Since May, I have been forecasting that this hurricane season would be another for the record books. Hurricane Eta, one of the most rapidly intensifying storms in history and the 28th tropical storm of the season, tying a record for most storms in a season, has just ravaged Central America and is now back in the Caribbean Sea much diminished after two days over land. Most of the area affected by the storm is now cut off from communications and the real impact won’t be known for some time.
Already there are signs that Eta, the second most intense November hurricane in history, is building new strength over very warm tropical waters. Indications are that it will regain near hurricane to hurricane strength as it crosses Cuba, threatens south Florida late this weekend. Eta may brings gales and big tides and associated beach erosion to the Sarasota-Bradenton area next week.
The Climate Adaptation Center has been informing our region about disruptions due to unprecedented climate warming in Florida over the past several decades; one of the biggest changes is how hurricanes are behaving.
Eta is a perfect example. It intensified with breathtaking speed, going from a depression to a strong Category 4 in just 36 hours, making evacuations in heavily populated areas difficult. When all is done, it may be that Eta was a Category 5 when it made its first landfall.
Explosive intensification, an increase in wind speed of over 35 mph in a 24-hour period, used to be rare. This season it has happened nine times. The Weather Channel provided this graphic, which shows the name of the 2020 tropical storm and its maximum 24 hours intensification in mph.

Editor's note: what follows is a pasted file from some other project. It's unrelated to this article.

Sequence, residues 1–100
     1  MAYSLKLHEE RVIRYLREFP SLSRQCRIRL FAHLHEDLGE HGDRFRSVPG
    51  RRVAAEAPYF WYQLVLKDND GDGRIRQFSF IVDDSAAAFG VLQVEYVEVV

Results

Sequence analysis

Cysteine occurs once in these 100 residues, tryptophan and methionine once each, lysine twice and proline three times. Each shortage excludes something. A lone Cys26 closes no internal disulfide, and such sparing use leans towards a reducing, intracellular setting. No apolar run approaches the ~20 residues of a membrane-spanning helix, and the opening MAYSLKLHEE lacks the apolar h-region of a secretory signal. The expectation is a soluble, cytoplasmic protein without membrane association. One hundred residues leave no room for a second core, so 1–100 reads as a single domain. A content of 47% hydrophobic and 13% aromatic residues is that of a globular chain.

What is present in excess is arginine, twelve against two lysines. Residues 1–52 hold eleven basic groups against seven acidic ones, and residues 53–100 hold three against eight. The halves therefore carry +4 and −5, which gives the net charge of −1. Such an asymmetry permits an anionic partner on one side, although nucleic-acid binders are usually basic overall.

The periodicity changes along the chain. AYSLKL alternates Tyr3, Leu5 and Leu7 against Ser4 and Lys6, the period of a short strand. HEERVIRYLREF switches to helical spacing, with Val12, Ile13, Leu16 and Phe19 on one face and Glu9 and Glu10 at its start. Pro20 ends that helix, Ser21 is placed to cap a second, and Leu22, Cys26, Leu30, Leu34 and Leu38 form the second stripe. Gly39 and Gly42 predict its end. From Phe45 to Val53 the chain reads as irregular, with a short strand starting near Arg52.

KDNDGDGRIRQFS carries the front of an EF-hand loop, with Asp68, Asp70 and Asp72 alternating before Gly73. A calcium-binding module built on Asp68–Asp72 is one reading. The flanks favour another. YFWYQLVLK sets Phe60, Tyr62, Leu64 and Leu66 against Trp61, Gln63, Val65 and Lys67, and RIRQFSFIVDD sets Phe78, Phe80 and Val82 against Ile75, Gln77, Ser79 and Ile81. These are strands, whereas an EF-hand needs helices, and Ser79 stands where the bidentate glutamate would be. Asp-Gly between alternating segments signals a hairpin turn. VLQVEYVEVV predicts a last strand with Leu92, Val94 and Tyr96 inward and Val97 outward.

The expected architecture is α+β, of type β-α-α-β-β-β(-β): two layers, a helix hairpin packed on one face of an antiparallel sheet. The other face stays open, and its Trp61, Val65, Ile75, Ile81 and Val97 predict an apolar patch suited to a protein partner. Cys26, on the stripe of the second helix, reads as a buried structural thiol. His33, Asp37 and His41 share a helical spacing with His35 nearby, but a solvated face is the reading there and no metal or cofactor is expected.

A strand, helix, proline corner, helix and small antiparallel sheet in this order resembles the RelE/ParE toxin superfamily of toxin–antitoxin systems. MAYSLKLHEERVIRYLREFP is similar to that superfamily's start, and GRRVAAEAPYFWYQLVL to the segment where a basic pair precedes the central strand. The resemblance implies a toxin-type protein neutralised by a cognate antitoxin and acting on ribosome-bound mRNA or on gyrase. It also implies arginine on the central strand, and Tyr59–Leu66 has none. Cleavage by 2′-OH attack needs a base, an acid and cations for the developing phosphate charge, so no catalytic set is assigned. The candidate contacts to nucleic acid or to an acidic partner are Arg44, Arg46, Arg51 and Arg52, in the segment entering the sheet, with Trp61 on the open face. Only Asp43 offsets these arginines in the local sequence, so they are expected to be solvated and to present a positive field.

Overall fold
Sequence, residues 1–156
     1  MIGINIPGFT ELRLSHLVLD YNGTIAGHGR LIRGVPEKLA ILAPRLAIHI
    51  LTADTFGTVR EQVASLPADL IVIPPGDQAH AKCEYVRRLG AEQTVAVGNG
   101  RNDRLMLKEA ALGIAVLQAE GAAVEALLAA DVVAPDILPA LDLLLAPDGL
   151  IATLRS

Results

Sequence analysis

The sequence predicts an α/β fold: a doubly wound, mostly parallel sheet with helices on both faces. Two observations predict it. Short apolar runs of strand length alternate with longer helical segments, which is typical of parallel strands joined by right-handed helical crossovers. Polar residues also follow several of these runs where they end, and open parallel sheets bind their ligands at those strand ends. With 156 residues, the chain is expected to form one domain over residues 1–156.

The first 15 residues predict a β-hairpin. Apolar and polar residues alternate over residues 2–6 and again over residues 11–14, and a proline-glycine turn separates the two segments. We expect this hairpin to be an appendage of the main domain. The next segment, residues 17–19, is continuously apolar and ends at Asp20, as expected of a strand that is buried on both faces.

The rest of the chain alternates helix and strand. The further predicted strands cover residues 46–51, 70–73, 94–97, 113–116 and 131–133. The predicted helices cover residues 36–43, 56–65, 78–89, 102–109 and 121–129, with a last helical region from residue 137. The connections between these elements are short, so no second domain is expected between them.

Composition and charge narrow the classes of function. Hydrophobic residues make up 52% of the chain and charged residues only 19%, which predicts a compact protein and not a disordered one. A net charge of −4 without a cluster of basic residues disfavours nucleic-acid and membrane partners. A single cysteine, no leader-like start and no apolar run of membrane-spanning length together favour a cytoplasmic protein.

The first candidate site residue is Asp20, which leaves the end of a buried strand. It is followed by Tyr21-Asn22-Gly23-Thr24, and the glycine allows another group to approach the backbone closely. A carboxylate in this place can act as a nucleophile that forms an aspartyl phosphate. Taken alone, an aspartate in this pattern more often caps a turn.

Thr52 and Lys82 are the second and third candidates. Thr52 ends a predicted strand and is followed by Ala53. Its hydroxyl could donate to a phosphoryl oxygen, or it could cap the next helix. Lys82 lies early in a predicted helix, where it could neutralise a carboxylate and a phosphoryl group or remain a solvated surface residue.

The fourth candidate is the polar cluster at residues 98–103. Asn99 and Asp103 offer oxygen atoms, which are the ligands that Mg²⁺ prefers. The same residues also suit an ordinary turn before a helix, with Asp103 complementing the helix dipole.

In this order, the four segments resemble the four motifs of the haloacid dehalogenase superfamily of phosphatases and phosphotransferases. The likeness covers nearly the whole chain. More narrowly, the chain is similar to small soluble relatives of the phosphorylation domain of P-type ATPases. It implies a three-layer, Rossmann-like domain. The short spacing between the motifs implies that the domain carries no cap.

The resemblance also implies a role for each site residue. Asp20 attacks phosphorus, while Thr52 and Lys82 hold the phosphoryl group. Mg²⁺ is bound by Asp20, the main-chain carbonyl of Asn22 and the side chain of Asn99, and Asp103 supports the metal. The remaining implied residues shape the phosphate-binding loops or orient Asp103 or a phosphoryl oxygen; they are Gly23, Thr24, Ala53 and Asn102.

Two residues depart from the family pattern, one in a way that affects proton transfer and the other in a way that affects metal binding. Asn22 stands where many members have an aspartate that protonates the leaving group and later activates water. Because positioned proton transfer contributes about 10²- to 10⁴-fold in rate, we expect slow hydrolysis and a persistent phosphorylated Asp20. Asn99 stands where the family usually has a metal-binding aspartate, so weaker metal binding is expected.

A pinhole eye just 10 miles wide meant the area near Eta’s landfall in Nicaragua was struck by a tornado like the central eye core with winds gusting to 175 mph; an EF3 tornado intensity. It also stalled over land for two days, subjecting parts of Central America to catastrophic floods, winds and storm surges for days.
Now it’s heading toward a cooling but still warm Gulf of Mexico on an erratic slow path that will cause fits in south Florida from Sunday to Wednesday next week. Exactly how long it stays, how erratic the movement and if it goes over land in South Florida will determine impacts here.
At a minimum, our region should expect heavy rains, gale force winds and beach erosion. Further south in the Keys and South Florida, hurricane force gusts, higher tides and heavier rains will potentially cause more serious issues.
I am concerned that this storm over a Gulf of Mexico that is still close to 80°F from Sarasota southward could mean a full hurricane intensity upon initial landfall. Pay attention.
Bob Bunting is a scientist, entrepreneur and the chief executive officer of Sarasota’s Climate Adaptation Center, an expert resource for government, academia and the private sector to create the necessary adaptation strategies and actions to protect Florida’s way of life. The center provides support for the emergence of the climate economy and is currently raising $2 million in private donations to kick off its mission.